The future of "frozen" types as the number of CPU cores increases

sjdevnull at yahoo.com sjdevnull at yahoo.com
Wed Feb 24 07:31:59 CET 2010


On Feb 23, 8:03 pm, Nobody <nob... at nowhere.com> wrote:
> On Mon, 22 Feb 2010 22:27:54 -0800, sjdevn... at yahoo.com wrote:
> > Basically, multiprocessing is always hard--but it's less hard to start
> > without shared everything.  Going with the special case (sharing
> > everything, aka threading) is by far the stupider and more complex way
> > to approach multiprocssing.
>
> Multi-threading hardly shares anything (only dynamically-allocated
> and global data), while everything else (the entire stack) is per-thread.
>
> Yeah, I'm being facetious. Slightly.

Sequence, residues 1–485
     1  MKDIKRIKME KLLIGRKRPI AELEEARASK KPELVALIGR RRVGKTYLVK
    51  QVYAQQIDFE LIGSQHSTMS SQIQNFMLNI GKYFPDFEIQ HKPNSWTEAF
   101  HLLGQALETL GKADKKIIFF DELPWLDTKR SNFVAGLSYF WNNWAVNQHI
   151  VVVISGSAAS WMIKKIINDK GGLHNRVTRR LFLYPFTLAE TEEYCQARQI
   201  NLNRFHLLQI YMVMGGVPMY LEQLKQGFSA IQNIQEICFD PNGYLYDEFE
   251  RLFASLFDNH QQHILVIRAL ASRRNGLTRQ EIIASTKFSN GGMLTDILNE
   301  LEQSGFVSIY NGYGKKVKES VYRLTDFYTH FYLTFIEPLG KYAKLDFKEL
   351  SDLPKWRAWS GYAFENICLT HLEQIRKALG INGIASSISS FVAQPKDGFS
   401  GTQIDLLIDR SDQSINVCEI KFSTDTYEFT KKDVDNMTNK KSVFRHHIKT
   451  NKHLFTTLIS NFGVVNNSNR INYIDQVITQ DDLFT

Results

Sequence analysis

I'm afraid I may be missing the facetiousness here.

The only definitional difference between threads and processes is that
threads share memory, while processes don't.

There are often other important practical implementation details, but
sharing memory vs not sharing memory is the key theoretical
distinction between threads and processes.  On most platforms, whether
or not you want to share memory (and abandon memory protection wrt the
rest of the program) is the key factor a programmer should consider
when deciding between threads and processes--the only time that's not
true is when the implementation forces ancillary details upon you.



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